These classifications help determine the subtype of lymphoma and guide treatment decisions. The two primary types of lymphoma cancer include Hodgkin’s and non-Hodgkin’s lymphoma. 

Differentiate between Hodgkin and non-Hodgkin lymphoma?

Large abnormal cells characterise Hodgkin lymphoma (HL), while non-Hodgkin lymphoma (NHL) does not involve Reed-Sternberg cells. HL tends to have a more predictable spread, while NHL is more diverse, with various subtypes and a wider range of behaviours and treatment approaches.

Are there rare types of lymphoma?

Yes, there are rare types of lymphoma. These include Burkitt lymphoma, Lymphoplasmacytic lymphoma, mantle cell lymphoma, primary mediastinal B-cell lymphoma, mycosis fungoides, etc. These rare subtypes account for a smaller percentage of lymphoma cases.

What are the most common types of lymphoma in children?

Non-Hodgkin lymphoma (NHL) is the most common type of lymphoma cancer in children under 14. Among NHL subtypes, Burkitt lymphoma is more prevalent in children, while diffuse large B-cell lymphoma and lymphoblastic lymphoma are also seen.

How many types of non-Hodgkin lymphoma are there?

There are numerous types of non-Hodgkin lymphoma (NHL), and the exact number can vary depending on the classification system used. The World Health Organization (WHO) classification recognises more than 60 distinct subtypes of NHL, which are further categorised based on the specific characteristics of the cancer cells and their behaviour.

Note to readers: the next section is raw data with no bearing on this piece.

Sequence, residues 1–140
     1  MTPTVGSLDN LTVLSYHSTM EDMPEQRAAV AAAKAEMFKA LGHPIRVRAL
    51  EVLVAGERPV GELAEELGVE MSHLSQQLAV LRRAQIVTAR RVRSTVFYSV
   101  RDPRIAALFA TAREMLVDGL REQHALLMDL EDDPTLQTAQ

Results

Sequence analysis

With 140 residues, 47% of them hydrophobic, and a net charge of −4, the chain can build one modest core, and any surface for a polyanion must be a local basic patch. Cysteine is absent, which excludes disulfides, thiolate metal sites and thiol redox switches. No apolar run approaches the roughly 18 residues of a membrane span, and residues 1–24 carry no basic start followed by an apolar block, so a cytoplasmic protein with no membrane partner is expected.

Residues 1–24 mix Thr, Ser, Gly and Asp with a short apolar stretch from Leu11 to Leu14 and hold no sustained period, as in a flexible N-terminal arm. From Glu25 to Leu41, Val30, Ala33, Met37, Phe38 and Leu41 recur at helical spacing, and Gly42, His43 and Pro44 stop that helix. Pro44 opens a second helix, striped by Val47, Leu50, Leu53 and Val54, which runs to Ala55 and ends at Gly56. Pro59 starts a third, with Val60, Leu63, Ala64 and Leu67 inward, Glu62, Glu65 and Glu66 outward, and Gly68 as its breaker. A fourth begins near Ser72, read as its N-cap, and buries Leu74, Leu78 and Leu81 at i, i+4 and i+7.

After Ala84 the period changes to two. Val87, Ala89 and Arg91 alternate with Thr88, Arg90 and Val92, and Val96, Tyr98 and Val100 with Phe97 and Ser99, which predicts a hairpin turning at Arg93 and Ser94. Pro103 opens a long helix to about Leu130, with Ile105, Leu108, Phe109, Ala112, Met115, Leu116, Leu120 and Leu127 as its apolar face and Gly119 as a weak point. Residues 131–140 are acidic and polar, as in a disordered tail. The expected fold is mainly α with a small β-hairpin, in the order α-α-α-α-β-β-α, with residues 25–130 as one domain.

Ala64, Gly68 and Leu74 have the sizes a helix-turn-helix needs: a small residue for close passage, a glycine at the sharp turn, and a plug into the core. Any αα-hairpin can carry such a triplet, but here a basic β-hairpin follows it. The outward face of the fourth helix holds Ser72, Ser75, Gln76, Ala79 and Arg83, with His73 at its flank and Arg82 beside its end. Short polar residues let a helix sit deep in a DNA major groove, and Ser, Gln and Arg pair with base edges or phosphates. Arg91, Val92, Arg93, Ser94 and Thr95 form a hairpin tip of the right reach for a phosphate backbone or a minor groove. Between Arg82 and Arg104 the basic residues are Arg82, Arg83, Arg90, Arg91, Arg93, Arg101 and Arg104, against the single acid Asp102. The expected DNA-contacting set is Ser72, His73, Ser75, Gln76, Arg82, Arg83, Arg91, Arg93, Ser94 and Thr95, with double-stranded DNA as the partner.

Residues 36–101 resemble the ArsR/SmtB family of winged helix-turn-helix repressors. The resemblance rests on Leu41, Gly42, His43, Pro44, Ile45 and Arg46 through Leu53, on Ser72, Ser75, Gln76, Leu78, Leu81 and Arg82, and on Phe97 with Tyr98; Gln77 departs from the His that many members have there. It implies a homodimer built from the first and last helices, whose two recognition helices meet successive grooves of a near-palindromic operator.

Aggressive lymphomas: What are the types?

Aggressive lymphomas include subtypes such as diffuse large B-cell lymphoma (DLBCL), Burkitt lymphoma, lymphoblastic lymphoma, and mantle cell lymphoma (MCL). These types of lymphomas are characterised by rapid growth and may require more intensive treatment approaches than indolent (slow-growing) lymphomas.

Are there different types of lymphoma based on cell origin?

Yes, lymphomas can be classified based on the cell origin. The two main categories are B-cell lymphomas and T-cell lymphomas. B-cell lymphomas, which include subtypes like diffuse large B-cell lymphoma and follicular lymphoma, arise from abnormal B-cells. T-cell lymphomas, such as peripheral T-cell lymphoma and cutaneous T-cell lymphoma, originate from abnormal T-cells.

Lymphoma in children: Are there specific types?

Yes, there are specific types of lymphoma cancer that are more commonly seen in children. The most common types of lymphoma in children include Hodgkin lymphoma (HL) and non-Hodgkin lymphoma (NHL). NHL subtypes that occur more frequently in children include Burkitt lymphoma, lymphoblastic lymphoma, and anaplastic large-cell lymphoma.

Can you provide an overview of B-cell and T-cell lymphomas?